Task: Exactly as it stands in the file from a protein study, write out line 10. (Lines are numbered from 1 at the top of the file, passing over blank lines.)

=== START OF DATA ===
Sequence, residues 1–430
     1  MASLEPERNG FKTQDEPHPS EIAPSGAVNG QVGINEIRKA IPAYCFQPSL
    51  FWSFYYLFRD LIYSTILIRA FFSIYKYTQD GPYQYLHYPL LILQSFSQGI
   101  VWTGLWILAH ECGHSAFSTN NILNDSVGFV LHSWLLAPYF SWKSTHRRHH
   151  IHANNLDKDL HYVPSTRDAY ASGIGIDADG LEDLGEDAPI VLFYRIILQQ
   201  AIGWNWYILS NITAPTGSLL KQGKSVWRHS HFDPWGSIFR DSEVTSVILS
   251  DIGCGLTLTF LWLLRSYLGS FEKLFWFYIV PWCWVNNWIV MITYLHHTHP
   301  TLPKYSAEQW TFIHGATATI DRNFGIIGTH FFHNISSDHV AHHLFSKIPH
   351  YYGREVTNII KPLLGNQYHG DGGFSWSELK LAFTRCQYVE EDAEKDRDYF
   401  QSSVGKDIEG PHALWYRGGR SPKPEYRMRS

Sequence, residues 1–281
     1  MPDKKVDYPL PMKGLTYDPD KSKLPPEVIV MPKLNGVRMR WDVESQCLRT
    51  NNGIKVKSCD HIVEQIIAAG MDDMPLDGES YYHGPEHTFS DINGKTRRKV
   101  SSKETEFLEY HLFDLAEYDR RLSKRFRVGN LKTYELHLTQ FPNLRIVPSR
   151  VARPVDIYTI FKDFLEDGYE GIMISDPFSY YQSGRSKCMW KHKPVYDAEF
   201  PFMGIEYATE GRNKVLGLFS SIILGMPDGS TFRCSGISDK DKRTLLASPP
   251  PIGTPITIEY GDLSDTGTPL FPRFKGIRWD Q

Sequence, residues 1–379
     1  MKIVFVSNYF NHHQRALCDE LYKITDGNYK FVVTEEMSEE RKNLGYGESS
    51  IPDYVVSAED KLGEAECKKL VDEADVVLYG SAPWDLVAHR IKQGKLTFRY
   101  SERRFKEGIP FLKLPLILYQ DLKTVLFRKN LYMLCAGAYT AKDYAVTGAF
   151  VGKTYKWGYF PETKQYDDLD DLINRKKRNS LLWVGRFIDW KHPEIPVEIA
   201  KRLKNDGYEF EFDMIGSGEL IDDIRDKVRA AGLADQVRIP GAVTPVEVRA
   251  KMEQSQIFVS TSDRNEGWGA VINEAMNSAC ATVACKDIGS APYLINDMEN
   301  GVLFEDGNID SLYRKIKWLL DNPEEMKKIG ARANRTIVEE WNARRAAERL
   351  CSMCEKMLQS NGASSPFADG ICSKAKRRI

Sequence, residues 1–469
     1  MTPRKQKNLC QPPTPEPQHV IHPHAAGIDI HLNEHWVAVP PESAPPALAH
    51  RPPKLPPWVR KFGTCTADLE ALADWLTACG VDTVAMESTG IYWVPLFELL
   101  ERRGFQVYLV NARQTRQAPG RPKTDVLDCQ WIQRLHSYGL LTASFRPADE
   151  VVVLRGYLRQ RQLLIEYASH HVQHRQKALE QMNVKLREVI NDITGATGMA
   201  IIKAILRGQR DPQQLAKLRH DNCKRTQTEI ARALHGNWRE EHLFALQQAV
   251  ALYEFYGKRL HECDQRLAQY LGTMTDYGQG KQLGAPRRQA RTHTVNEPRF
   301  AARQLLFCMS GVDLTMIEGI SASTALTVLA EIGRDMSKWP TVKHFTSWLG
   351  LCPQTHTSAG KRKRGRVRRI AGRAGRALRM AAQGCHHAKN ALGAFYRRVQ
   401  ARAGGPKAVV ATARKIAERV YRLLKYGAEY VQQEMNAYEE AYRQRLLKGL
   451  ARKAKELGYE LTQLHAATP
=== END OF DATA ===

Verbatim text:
   401  QSSVGKDIEG PHALWYRGGR SPKPEYRMRS